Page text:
AC: And Silence of the Lambs.
CV: Exactly. And everyone was all up in arms about whether or not Jame Gumb was gay or not. Well, transvestites aren't gay. You know, we're at war now. Let's get serious. There are so many bigger issues facing us: legislation being passed every day curtailing our civil liberties as gay people and as straight people. We're in such a fucked-up mess. In a way it feels like "Oh, remember the days when that other stuff was important."
AC: As Killer Films has grown, the company has shifted from exclusively working with first-timers to now working with more seasoned professionals.
CV: We've helped lots of first-time directors become second-time directors, who have gone on to become third- and fourth-time directors. Doug McGrath, who is making Every Word Is True, this is his fourth film, but it's the first one we're doing with him. We definitely have a reputation that when we work with first-timers, we can support them effectively. And I don't want to stop. Working with first-timers is tough, because they really haven't done it before, and you find yourself in the position of explaining things to them that really seem elementary in the film world. However, I think, for example, of Boys Don't Cry: Just because Kim [Peirce] hadn't been on a feature-film set before didn't mean that she didn't know what she wanted. She needed to have an atmosphere and people around her that could help translate her vision to the screen. And what helped, and which I think is absolutely essential for a first-timer, she was very articulate. She knew what her vision was. That's what it comes down to. If a first-timer has a vision, I happily work with them. If they don't ... that's a problem whether they're a first-timer or a 10th-timer. It's all about really being able to construct a movie around a very strong vision.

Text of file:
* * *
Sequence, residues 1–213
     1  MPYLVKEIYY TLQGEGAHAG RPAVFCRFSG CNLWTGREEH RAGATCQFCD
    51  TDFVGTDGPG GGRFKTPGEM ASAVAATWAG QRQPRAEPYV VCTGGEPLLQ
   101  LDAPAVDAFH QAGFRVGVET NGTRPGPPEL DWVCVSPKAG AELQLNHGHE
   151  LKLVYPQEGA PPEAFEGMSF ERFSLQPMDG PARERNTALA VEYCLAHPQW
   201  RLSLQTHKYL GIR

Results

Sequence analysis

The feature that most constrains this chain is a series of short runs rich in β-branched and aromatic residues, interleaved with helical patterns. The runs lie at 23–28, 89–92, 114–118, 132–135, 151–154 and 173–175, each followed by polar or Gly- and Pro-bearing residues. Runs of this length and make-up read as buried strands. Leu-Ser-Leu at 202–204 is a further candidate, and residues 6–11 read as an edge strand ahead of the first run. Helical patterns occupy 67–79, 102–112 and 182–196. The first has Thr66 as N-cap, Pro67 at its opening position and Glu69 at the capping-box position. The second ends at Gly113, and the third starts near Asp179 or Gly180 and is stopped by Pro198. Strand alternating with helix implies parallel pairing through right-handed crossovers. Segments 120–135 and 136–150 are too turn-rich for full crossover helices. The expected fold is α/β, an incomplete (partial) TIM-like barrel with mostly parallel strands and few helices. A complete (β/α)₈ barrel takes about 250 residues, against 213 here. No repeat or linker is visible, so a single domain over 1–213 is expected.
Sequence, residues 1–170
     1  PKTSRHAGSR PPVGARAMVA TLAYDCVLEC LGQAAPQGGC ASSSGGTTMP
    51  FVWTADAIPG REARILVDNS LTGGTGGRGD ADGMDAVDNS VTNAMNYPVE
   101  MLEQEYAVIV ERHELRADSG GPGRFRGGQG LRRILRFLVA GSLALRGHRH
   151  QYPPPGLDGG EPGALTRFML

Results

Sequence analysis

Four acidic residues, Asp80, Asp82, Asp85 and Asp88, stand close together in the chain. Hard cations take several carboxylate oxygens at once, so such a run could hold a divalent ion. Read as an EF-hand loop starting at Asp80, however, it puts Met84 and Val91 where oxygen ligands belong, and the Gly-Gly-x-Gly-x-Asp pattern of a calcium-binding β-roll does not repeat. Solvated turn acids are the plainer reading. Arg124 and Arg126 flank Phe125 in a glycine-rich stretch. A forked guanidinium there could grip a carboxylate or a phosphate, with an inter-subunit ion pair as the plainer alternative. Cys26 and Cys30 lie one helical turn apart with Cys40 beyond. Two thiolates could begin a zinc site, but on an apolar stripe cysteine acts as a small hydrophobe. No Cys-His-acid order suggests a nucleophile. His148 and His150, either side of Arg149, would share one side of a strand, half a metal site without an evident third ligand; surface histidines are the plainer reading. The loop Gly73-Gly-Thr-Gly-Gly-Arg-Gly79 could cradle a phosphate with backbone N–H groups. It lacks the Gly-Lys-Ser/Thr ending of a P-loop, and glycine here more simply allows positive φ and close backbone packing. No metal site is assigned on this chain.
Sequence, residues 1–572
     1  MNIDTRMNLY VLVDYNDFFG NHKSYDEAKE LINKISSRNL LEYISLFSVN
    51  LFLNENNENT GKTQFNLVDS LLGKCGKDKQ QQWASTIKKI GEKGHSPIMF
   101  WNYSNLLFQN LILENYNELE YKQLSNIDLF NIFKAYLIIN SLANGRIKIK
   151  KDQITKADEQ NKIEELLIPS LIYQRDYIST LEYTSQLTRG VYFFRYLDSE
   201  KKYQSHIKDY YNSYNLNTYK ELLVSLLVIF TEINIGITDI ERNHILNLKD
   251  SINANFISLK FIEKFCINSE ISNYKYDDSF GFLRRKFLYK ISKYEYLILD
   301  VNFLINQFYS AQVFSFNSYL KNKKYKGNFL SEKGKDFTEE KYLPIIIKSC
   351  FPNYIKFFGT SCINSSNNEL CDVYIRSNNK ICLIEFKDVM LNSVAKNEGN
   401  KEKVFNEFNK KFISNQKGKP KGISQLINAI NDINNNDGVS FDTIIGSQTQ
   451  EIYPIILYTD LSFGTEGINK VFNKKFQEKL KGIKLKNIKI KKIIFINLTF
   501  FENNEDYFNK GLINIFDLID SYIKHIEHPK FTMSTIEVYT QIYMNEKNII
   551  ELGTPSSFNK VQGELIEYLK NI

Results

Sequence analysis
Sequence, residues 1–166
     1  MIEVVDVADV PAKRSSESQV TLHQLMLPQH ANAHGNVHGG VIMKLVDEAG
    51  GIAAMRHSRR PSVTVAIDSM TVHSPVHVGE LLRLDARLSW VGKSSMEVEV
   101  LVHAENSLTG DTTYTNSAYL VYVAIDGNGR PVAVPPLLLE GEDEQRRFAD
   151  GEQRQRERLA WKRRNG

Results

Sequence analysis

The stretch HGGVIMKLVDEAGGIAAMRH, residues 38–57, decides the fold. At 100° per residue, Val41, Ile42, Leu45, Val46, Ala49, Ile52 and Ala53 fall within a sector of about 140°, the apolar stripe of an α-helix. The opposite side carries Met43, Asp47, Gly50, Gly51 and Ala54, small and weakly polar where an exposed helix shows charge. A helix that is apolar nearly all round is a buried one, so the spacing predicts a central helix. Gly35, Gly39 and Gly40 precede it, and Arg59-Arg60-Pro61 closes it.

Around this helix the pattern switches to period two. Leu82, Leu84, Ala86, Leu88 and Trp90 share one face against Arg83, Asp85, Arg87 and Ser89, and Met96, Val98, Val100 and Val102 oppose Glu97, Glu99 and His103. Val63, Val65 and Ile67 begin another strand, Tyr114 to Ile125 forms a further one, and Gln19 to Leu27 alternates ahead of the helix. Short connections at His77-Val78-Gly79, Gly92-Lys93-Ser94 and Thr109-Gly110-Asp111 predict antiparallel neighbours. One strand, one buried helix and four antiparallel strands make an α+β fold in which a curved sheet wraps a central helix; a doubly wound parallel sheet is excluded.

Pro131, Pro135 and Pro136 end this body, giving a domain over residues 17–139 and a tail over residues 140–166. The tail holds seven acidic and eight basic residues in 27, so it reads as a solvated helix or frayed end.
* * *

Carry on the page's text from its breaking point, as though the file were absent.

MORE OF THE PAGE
AC: How do you find your role as a producer changing over the years?
CV: My role is different on every movie, because the director is different and the demands are different. Some directors need a lot more hand-holding than others. A lot of it is you've got to manage the production the unit, as it were then you've got to manage the actors; you've got to manage the studio and the studio's expectations. In some ways, not so much the bigger the budget, but the more suits involved and I don't mean that in an insulting way the more difficult it is. It becomes more about managing, making sure the process is protected. On Every Word Is True, Warner Independent Pictures has been very hands-off creatively. People want to make sure their investment is safe. It's a lot of money. I can't blame 'em.
AC: How have things changed now that you, personally, are at a different stage of your life?